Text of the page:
The quiet frightens me. I have a toddler, a very excitable and busy child, so if it’s quiet in my house, I am concerned. So far this week, she’s painted her sister’s trophy, destroyed her room twice, and eaten candy from God knows where. I do not like the quiet.
I think of the classic Christmas carol, “Silent Night” and I have questions.
1) How? Have you ever been in the room when a mother is giving birth? It is not silent. I remember going to the hospital with my first child. I brought movies and board games because I thought I might get bored. I heard the lady in the room next to mine screaming. My eyes widened with fear. I was not prepared.
Then there were the doctors and nurses coaching me, my husband encouraging me, breathing as loudly as I could. The room went quiet for a second as I listened for the cries of my newborn. That few seconds took forever. I think I held my own breath waiting to make sure she was breathing. Her cry both alarmed and soothed my deepest fear.
Mary and Joseph took shelter in a barn. I can’t imagine the animals are pleased to see these strangers taking up residence. I can’t imagine that their rest was undisturbed.
Then there are angels and shepherds and wisemen. This does not seem like a silent night at all.
2) All is bright? How? It’s the middle of the night. There is no electricity, and they are in a barn. Have you ever been on a country road at night when the power is out? It’s easy to become disoriented. I suppose the star helped, but I can’t imagine it was actually that bright. That would have drawn attention from more than just the shepherds and wisemen. I’m sure curious folks from town would have investigated the source of such a light, or at least sent their husbands out to figure out what was going on.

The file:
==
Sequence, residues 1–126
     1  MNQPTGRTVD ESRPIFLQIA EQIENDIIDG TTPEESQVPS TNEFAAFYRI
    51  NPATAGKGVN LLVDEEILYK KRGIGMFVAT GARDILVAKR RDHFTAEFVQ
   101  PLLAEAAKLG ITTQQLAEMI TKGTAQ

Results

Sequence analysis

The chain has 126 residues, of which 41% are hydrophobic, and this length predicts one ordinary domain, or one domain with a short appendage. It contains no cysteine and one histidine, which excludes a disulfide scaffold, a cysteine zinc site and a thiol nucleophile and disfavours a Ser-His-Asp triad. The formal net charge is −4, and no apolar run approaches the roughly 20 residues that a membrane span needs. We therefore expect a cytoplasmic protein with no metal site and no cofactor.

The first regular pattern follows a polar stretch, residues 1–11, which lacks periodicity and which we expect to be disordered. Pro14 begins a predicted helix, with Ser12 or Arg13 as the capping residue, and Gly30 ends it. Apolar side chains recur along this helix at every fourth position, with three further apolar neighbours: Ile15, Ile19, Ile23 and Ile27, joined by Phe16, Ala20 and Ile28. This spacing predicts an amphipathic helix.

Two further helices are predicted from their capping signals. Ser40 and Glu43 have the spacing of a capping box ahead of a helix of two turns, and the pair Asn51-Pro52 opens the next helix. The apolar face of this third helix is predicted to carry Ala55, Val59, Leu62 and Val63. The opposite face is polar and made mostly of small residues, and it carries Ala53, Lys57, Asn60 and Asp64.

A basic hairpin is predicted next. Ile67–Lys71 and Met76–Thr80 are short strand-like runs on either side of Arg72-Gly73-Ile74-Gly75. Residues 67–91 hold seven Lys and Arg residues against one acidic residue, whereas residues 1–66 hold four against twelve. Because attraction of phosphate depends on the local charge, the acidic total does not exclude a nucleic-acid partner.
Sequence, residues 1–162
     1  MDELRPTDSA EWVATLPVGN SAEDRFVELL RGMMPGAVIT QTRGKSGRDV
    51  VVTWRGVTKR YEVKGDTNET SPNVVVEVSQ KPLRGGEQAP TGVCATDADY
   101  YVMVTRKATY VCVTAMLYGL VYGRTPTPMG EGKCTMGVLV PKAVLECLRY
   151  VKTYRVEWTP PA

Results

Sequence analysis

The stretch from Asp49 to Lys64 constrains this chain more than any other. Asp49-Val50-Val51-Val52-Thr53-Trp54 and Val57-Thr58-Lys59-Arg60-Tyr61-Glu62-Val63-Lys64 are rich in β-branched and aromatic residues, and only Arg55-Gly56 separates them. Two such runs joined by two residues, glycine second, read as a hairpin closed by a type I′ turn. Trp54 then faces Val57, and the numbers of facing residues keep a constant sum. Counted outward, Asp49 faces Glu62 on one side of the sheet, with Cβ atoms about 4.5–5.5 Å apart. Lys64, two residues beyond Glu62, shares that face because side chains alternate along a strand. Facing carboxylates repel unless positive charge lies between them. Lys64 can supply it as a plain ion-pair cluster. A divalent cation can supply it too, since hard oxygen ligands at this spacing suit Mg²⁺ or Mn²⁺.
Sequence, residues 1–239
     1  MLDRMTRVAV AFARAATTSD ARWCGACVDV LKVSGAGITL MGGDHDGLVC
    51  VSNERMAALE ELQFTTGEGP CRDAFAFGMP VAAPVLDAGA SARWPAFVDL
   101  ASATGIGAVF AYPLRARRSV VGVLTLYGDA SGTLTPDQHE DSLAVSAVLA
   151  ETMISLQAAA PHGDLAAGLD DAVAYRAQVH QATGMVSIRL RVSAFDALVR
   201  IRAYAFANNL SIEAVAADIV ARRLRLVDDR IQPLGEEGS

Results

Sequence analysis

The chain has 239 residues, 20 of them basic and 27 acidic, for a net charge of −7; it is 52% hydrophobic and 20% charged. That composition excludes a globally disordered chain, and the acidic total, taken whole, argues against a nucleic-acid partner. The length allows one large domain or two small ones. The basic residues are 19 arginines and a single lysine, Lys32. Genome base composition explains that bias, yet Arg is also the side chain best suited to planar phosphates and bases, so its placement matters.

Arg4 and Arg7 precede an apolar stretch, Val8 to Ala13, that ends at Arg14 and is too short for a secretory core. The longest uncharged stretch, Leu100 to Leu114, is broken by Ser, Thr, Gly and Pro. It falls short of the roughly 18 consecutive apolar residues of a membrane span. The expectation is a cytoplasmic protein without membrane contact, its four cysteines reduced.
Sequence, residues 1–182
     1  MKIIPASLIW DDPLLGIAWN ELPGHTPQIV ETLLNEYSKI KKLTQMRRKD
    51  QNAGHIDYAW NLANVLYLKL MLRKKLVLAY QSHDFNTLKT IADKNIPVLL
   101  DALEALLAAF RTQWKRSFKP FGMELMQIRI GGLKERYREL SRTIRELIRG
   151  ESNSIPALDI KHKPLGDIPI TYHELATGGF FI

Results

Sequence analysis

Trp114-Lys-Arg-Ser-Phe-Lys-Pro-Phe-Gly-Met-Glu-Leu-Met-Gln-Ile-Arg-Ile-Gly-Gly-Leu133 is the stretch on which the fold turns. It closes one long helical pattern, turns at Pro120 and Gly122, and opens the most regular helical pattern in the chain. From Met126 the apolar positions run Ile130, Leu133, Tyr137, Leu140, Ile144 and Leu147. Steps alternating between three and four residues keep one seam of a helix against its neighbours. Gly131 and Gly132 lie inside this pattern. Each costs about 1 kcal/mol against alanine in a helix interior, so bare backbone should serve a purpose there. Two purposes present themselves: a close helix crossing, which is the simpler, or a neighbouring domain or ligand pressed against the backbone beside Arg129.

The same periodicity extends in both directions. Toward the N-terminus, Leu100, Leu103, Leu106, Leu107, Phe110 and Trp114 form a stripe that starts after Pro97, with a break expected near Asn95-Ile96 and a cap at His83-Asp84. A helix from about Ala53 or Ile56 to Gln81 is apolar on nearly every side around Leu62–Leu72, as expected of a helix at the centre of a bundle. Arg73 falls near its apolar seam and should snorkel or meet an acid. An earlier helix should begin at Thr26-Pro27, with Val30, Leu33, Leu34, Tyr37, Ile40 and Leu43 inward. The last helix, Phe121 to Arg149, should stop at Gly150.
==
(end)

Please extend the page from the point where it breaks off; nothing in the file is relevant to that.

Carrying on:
3) Heavenly peace? The first night with a newborn is the scariest thing I have ever experienced. There was no peace that first night. Between checking to see if my child was breathing, and nursing, and diaper changes, not to mention my own physical pain, I don’t know that I closed my eyes for more than 20 minutes at a time. How could the blessed mother Mary have rested at all, knowing that she was parenting the promised king? How could this baby who knew only of heavenly places have every single one of his senses assaulted and still sleep in heavenly peace.
I haven’t had a silent night in nearly 13 years, and I would not have it any other way. My children are a gift to the world, and I assure you none of them are the coming Messiah.
Silent night is a timeless classic, especially The Temptations version, but I think whoever wrote it did not have kids.